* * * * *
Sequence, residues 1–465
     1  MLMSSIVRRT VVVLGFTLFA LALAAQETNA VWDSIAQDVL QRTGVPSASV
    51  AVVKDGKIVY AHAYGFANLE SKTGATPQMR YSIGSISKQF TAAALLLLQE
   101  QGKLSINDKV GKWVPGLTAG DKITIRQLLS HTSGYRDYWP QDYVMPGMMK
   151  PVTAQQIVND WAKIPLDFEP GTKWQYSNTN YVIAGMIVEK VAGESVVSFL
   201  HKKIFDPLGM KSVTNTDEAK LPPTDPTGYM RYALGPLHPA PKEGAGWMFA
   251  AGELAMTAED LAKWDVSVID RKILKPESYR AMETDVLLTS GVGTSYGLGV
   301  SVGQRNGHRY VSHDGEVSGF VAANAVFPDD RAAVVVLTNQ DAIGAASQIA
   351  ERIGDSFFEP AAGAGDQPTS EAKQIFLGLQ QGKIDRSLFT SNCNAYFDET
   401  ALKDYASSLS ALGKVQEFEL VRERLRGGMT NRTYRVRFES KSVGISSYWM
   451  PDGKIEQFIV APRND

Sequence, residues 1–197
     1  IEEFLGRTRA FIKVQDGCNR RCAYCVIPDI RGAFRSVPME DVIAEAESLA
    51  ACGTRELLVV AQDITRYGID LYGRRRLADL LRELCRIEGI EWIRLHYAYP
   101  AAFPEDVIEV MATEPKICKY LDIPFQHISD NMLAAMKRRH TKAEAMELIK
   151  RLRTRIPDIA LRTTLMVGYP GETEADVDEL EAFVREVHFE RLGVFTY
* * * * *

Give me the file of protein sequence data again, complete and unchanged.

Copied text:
Sequence, residues 1–465
     1  MLMSSIVRRT VVVLGFTLFA LALAAQETNA VWDSIAQDVL QRTGVPSASV
    51  AVVKDGKIVY AHAYGFANLE SKTGATPQMR YSIGSISKQF TAAALLLLQE
   101  QGKLSINDKV GKWVPGLTAG DKITIRQLLS HTSGYRDYWP QDYVMPGMMK
   151  PVTAQQIVND WAKIPLDFEP GTKWQYSNTN YVIAGMIVEK VAGESVVSFL
   201  HKKIFDPLGM KSVTNTDEAK LPPTDPTGYM RYALGPLHPA PKEGAGWMFA
   251  AGELAMTAED LAKWDVSVID RKILKPESYR AMETDVLLTS GVGTSYGLGV
   301  SVGQRNGHRY VSHDGEVSGF VAANAVFPDD RAAVVVLTNQ DAIGAASQIA
   351  ERIGDSFFEP AAGAGDQPTS EAKQIFLGLQ QGKIDRSLFT SNCNAYFDET
   401  ALKDYASSLS ALGKVQEFEL VRERLRGGMT NRTYRVRFES KSVGISSYWM
   451  PDGKIEQFIV APRND

Sequence, residues 1–197
     1  IEEFLGRTRA FIKVQDGCNR RCAYCVIPDI RGAFRSVPME DVIAEAESLA
    51  ACGTRELLVV AQDITRYGID LYGRRRLADL LRELCRIEGI EWIRLHYAYP
   101  AAFPEDVIEV MATEPKICKY LDIPFQHISD NMLAAMKRRH TKAEAMELIK
   151  RLRTRIPDIA LRTTLMVGYP GETEADVDEL EAFVREVHFE RLGVFTY